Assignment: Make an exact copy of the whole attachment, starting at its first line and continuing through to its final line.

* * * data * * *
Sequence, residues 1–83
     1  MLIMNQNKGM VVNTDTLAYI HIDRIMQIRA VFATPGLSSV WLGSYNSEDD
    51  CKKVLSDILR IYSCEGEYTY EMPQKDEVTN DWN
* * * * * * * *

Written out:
Sequence, residues 1–83
     1  MLIMNQNKGM VVNTDTLAYI HIDRIMQIRA VFATPGLSSV WLGSYNSEDD
    51  CKKVLSDILR IYSCEGEYTY EMPQKDEVTN DWN